Abu Dhabi has increased the share capital of its wholly-owned Al Hilal Bank by Dh400 million, a timely boost for the Islamic lender, which is modernising its branch network and investing in technology.
The increase in capital by the Abu Dhabi Investment Council, the state-owned firm that has tied-up with Mubadala Investment Company, was granted in June, Alex Coelho, the Al Hilal chief executive, told The National. Al Hilal’s share capital has risen to Dh3.5 billion from Dh3.1bn, as it pursues growth plans, he added.
“While the increase will further strengthen the bank’s balance sheet and capital base, from a more long-term perspective, it allows us to meet the growing demand for Islamic finance by investing in areas with the greatest growth prospects,” said Mr Coelho.
Lenders in the UAE, the Arabian Gulf’s second-biggest economy, are recovering from tough operating conditions amid muted growth because of the three-year oil price slump that forced the Government and consumers to cut spending. Crude prices have rebounded from the lows of near $30 per barrel in January 2016, staying mostly above $70 per barrel during the first half of this year.
Banks are expected to increase profitability as demand for credit picks up and the Government resumes spending, especially in oil and gas and infrastructure sectors, kick-starting economic growth, according to analysts including those from Moody’s Investors Service and S&P Global Ratings.
The Central Bank of the UAE has raised this year’s economic growth forecast to 2.7 per cent from its previous projection of 2.5 per cent. Non-oil GDP growth is forecast to rise to 3.9 per cent this year compared with 3.4 per cent last year.
The bank, which completed the first decade of operations this year, has a well balanced portfolio, almost equally split between retail and corporate banking, Mr Coelho said.
“We are neither only a corporate bank or a retail bank,” he said. “There’s a beauty into that ... when you are a corporate bank and you have a full-fledged retail presence you have an excellent offering,”
The lender is now placing more emphasis on its wealth management businesses, he said.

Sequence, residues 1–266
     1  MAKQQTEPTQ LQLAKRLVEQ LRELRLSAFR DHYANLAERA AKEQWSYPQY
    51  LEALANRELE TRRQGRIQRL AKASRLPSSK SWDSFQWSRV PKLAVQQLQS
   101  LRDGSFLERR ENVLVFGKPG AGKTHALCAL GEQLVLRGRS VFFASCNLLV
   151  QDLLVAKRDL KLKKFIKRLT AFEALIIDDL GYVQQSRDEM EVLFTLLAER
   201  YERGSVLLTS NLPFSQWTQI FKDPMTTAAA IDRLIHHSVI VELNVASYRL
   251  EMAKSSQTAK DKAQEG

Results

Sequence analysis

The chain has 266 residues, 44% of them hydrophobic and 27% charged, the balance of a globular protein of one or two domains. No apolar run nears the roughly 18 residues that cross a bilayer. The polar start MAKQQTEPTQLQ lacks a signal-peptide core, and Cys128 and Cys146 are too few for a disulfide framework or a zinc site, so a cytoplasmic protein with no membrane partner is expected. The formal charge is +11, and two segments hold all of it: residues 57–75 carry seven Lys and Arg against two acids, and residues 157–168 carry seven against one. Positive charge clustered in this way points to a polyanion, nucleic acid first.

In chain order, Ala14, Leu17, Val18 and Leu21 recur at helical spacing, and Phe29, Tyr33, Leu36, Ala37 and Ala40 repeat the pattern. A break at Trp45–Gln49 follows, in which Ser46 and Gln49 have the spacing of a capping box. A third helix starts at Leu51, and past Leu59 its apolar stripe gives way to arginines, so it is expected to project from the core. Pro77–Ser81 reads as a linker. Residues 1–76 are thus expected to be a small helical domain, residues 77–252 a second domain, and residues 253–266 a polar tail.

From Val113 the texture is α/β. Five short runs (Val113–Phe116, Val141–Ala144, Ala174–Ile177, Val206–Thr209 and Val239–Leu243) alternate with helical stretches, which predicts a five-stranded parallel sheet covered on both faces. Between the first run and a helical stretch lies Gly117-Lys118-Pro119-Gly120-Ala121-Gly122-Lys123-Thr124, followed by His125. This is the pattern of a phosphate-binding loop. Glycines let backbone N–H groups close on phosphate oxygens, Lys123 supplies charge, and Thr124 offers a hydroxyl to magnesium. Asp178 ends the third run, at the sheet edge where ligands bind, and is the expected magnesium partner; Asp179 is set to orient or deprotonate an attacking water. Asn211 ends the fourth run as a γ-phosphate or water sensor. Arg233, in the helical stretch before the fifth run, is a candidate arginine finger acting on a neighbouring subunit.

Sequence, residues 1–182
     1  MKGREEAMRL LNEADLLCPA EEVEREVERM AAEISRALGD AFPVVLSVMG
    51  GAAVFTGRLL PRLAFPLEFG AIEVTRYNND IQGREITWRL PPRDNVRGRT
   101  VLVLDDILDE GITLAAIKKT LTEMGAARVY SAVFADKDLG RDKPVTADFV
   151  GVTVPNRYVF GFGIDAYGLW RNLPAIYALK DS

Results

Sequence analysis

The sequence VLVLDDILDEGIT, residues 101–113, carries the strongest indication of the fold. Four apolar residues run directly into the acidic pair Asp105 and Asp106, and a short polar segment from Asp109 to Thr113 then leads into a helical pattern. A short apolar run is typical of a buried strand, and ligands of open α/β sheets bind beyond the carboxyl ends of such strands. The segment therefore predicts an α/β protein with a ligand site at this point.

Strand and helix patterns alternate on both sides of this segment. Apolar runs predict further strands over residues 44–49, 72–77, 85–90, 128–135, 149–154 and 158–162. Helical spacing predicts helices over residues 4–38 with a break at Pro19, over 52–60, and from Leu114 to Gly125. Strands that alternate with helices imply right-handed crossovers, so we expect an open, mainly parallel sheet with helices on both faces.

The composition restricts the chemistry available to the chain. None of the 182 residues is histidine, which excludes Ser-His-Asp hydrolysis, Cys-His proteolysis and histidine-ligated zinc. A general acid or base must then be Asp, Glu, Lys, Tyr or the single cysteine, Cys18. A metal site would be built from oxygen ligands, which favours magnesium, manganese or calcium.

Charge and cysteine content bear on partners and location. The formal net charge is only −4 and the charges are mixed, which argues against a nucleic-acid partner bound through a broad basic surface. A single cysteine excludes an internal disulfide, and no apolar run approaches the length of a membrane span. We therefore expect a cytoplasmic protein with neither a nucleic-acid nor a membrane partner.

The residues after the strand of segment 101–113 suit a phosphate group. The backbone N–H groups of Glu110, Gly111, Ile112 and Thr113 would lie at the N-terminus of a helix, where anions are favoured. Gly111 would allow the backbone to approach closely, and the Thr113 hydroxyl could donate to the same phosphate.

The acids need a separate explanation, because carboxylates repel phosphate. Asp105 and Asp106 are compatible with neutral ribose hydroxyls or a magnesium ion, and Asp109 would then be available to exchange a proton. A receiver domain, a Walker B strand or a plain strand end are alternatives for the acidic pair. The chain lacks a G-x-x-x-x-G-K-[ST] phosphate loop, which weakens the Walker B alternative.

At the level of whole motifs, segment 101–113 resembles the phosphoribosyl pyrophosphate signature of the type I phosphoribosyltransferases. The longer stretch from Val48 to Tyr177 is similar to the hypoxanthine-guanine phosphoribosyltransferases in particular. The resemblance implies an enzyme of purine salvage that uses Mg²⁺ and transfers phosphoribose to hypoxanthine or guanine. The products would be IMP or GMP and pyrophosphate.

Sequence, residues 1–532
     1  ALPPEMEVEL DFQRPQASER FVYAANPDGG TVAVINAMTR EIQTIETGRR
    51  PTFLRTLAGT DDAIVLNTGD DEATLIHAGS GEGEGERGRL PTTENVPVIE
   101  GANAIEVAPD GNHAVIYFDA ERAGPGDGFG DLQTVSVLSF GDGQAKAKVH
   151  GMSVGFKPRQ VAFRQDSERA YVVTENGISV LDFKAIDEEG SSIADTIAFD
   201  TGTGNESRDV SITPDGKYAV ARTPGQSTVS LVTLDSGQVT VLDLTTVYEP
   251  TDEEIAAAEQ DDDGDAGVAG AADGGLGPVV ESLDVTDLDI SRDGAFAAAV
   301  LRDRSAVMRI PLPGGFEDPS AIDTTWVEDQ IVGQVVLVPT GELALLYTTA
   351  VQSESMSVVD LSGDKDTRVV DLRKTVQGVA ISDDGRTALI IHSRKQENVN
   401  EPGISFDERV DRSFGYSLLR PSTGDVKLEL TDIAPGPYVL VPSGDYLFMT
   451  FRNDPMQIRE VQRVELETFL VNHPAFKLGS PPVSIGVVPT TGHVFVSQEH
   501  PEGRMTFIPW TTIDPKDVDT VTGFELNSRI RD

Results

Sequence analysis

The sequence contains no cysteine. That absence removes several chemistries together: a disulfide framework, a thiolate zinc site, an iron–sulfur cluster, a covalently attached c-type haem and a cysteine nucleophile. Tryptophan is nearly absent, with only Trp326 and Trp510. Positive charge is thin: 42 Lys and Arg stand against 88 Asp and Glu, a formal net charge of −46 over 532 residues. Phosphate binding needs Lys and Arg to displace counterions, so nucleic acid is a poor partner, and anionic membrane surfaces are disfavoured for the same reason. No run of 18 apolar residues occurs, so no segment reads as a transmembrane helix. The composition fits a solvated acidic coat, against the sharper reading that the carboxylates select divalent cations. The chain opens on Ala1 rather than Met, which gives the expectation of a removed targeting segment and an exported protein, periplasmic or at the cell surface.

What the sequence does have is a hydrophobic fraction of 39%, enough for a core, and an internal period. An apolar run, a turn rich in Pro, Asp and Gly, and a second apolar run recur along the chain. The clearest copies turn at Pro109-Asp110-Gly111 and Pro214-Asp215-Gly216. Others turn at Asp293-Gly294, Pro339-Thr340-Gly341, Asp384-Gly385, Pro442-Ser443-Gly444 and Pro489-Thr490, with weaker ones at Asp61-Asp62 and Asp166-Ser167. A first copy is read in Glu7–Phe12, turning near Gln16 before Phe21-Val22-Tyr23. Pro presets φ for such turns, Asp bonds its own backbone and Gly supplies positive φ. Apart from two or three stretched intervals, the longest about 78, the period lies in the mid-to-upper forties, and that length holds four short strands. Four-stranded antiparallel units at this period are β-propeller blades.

Improving asset quality, expanding its offerings and digitising services have been the big priorities for the Islamic lender.
“We as a bank are clearly focused on the quality of the assets,” Mr Coelho said. “We are not concerned with the general growth but we are concerned with qualitative growth, both in retail and corporate banking [businesses].”
The bank, which is modernising its branch network, is also heavily investing in electronic banking.
Al Hilal has updated its Euro Medium Term Note programme for a possible bond issuance. However, Mr Coelho would not specify either the time or the size of possible transactions and whether Al Hilal has appointed financial advisers on the deal.
“We don’t have a date yet. We are soft sounding the market and discussing it with our peers to see where’s the best window for us,” he said.
The lender issued a $100 million private placement sukuk last year, its third issuance under the $2.5bn EMTN programme, it said at the time.
Bloomberg earlier this year reported that the bank has hired Emirates NBD, First Abu Dhabi Bank, HSBC, JP Morgan and Nomura Holdings to manage the sale of another dollar-denominated sukuk transaction.
Last year, Al Hilal uncovered a fraud attempt, which Mr Coelho said was a one-time occurrence. However, the bank’s internal control processes identified the “unusual transaction” and blocked “all but a relatively small amount on the same day the incident occurred”.
However, Bloomberg in April reported that the amount involved was worth more than Dh500 million. It said the matter involved employees of the bank who allegedly withdrew funds from dormant customer accounts.
Mr Coelho said “No customer accounts were impacted, directly or indirectly and the bank does not anticipate a loss from this incident,” he said. “There will be no loss on the bank’s balance sheet at all.”
He said Al Hilal has strengthened its controls and procedures to prevent any such incident from recurring.
“Even before I arrived, the bank had been strengthening all of its core systems and improving its governances and all the aspects of fraud prevention,” he said.